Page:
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Toxic family members and friends can have an effect on a person’s well-being. Over time, I have dealt with several toxic family members and friends and it makes me sad to think about the situation. Many arguments and words were exchanged that cannot be taken back. It hurts more when you fight with a family member rather than a friend because family should always have your back and should understand you. When arguing with a family member, I’ve often been seen as the aggressor, not the victim. These things make you feel as if your feelings are invalid and do not matter. Once my friend got into an argument with her mom because she didn’t want to give her mom her paycheck. Her mom thought my friend was disrespecting her by keeping her money. Her mom acted like the victim when in reality she attacked my friend.
Toxic friends are a problem, as well. Friends are often the ones you may feel the most comfortable around because you share your secrets and daily thoughts with them. Interactions with these toxic friends have caused me to have situational depression for days or weeks at a time and caused me to have anxiety. I’ve come to terms with the fact that these particular situations were in fact, not my fault, but the toxic person’s fault. It takes a lot to come to that realization, especially after being blamed for almost everything by the toxic person.
You know that your family members may or may not be toxic due to their actions and the way you feel about them.  These toxic family members can make you feel drained, and as if you are less than worthy. It may be a scary experience to be around them because you’re scared that you will upset them. Toxic family members may hold their authority over you and treat you like a child. They can make threats by taking advantage of your insecurities or taking away something that is important to you to get what they want. Your feelings may be dismissed every time you talk to them, and they could act as if you are attacking them and they are the victim. This topic matters deeply because it not only affects our generation but the generations to come. Many kids my age seem to have at least one or two toxic people in their lives. This can affect our mental health, as well as the way we view things. We could be scared to open up to our parents, talk about our feelings or be ourselves.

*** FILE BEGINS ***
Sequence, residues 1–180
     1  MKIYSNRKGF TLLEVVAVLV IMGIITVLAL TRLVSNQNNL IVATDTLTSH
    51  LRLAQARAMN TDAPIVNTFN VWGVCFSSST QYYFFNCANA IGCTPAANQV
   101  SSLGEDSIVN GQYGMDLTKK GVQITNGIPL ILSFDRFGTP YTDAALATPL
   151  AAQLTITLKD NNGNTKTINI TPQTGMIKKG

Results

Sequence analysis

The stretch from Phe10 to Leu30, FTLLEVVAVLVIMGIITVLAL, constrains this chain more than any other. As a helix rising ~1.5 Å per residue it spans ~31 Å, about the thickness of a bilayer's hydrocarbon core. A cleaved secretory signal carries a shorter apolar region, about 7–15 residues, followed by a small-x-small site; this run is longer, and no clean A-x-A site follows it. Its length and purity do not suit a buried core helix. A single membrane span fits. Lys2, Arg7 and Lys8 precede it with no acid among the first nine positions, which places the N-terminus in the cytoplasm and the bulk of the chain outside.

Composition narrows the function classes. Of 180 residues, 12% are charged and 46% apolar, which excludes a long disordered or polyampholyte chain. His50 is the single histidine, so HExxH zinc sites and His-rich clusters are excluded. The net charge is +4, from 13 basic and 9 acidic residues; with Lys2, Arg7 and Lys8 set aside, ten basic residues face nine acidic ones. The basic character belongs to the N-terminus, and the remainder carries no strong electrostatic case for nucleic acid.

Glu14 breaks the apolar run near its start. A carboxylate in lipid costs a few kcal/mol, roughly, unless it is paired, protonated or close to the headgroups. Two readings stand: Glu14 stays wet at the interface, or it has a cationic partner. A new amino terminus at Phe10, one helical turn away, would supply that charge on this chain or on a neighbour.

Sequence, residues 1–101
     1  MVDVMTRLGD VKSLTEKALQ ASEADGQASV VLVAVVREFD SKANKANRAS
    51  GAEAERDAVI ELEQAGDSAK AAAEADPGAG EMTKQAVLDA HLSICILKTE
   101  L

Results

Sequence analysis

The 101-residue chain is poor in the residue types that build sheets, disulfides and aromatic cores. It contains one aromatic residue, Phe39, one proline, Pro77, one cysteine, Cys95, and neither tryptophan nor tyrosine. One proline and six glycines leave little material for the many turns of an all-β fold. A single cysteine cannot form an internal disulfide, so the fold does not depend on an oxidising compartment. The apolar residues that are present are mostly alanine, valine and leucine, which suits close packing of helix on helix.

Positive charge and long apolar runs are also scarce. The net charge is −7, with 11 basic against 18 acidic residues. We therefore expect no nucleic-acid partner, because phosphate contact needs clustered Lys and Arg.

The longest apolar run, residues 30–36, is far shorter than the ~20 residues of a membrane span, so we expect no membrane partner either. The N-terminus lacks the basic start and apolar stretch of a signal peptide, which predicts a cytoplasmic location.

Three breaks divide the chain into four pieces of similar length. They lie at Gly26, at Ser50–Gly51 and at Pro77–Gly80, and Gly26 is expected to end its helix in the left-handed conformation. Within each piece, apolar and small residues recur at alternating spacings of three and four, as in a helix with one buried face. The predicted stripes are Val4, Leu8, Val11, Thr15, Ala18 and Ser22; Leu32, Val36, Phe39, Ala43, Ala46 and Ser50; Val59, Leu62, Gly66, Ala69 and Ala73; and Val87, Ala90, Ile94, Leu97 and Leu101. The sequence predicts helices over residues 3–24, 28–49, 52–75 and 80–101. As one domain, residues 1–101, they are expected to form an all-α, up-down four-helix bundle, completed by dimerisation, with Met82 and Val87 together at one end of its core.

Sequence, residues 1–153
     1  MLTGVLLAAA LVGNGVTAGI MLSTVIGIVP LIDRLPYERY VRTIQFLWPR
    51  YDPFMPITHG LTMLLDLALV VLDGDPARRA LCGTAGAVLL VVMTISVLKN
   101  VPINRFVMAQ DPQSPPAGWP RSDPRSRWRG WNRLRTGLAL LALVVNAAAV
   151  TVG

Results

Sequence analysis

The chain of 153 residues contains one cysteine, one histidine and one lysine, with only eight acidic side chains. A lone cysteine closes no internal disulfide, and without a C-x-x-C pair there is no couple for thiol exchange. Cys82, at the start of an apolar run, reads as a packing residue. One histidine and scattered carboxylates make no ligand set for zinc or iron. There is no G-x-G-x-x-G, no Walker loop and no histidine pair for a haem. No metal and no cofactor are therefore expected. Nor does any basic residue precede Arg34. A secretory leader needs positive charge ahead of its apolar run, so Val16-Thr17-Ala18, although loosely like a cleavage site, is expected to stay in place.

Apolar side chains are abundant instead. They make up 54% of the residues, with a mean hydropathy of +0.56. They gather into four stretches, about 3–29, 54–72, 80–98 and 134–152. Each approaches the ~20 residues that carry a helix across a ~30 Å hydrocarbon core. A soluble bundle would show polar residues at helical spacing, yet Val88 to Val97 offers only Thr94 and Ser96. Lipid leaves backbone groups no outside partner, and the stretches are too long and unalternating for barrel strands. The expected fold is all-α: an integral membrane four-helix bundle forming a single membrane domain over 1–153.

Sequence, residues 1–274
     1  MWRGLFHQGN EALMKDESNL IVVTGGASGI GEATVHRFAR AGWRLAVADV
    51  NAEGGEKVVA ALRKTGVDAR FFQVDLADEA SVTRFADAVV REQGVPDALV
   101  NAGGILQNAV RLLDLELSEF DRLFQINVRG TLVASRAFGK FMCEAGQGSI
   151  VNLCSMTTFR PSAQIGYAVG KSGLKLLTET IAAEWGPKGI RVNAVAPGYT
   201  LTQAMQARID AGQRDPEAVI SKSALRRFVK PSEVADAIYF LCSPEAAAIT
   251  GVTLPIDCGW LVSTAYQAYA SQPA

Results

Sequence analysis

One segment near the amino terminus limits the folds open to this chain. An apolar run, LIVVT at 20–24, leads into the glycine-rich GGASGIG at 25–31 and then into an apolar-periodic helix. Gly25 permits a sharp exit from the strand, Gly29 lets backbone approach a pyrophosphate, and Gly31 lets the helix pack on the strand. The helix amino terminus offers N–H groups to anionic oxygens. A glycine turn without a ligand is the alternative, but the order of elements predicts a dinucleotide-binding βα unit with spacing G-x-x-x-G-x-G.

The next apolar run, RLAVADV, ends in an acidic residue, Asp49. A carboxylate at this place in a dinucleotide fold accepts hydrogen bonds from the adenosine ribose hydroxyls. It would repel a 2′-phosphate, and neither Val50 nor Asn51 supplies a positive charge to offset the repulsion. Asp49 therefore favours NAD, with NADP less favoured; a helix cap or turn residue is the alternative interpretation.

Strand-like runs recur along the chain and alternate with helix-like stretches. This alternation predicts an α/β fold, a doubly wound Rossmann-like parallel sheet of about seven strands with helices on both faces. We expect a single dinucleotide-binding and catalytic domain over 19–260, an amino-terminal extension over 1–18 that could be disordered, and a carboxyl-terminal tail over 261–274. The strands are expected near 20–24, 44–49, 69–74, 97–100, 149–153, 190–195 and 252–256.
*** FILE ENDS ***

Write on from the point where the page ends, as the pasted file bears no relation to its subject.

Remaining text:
In the teenage community, parents often create this toxic relationship dynamic when we disagree with them and try to defend ourselves. However, this argument seems to go in one ear and out the other, as the teen is seen as being disrespectful for trying to get their parents to see their side and own up to their mistakes. It’s a sad feeling when we want to distance ourselves from our parents to be better as a person, but we wouldn’t know how to feel without them being in our lives. 
This issue is not talked about enough. Parents or friends often take it as you being "sensitive," but that's not the case because if it hurts you, then it hurts you. There's never a moment where you're too "sensitive." It’s so much easier to avoid the toxic friends, but harder to avoid the toxic family. Since they are your family, you may see them all the time and it could be hard for you to protect your own space when around them. 
We can make this better by making sure that we don’t carry toxic relationships over to the coming generations. As people, we can change how we speak about things, how we carry ourselves and how we approach certain topics. When a toxic person can no longer control you, then they will try to control how others see you. The misinformation may feel weird or unfair, but trust that other people will eventually see the truth. Being more positive and not thinking about how that person makes you feel can make you a better person. Not only will you be in a positive space but you will also be free to express your ideas or use this space to get better and grow without that person.